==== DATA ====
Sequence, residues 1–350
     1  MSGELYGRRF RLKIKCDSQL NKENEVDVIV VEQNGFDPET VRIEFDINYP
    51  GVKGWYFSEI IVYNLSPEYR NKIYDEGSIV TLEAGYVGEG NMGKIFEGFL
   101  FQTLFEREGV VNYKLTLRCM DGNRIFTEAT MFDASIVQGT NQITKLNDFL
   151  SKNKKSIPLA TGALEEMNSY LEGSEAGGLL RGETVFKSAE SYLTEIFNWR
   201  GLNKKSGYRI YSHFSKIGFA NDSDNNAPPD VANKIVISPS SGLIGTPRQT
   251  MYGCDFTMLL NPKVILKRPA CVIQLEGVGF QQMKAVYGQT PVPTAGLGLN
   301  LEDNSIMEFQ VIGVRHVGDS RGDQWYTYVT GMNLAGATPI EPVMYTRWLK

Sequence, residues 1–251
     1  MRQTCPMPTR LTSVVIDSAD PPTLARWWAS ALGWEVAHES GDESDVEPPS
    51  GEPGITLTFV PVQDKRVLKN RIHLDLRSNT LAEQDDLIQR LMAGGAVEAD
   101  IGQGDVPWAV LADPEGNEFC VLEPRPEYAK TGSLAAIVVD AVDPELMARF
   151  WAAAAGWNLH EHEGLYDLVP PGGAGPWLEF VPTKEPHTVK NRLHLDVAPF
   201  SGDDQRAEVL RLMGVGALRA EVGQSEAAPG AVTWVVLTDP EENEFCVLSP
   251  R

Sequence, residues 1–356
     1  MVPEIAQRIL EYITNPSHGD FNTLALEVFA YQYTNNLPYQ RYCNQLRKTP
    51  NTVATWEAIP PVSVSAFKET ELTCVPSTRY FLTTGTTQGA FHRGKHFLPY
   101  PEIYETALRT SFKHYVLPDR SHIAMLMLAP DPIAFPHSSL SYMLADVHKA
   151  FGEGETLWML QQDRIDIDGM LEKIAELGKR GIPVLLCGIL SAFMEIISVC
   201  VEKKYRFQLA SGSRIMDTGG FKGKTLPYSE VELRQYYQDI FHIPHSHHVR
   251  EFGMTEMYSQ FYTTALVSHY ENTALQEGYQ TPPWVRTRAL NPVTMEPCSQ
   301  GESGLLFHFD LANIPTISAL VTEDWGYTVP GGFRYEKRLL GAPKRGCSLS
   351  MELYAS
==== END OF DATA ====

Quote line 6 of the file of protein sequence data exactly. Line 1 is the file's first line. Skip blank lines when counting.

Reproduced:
   201  GLNKKSGYRI YSHFSKIGFA NDSDNNAPPD VANKIVISPS SGLIGTPRQT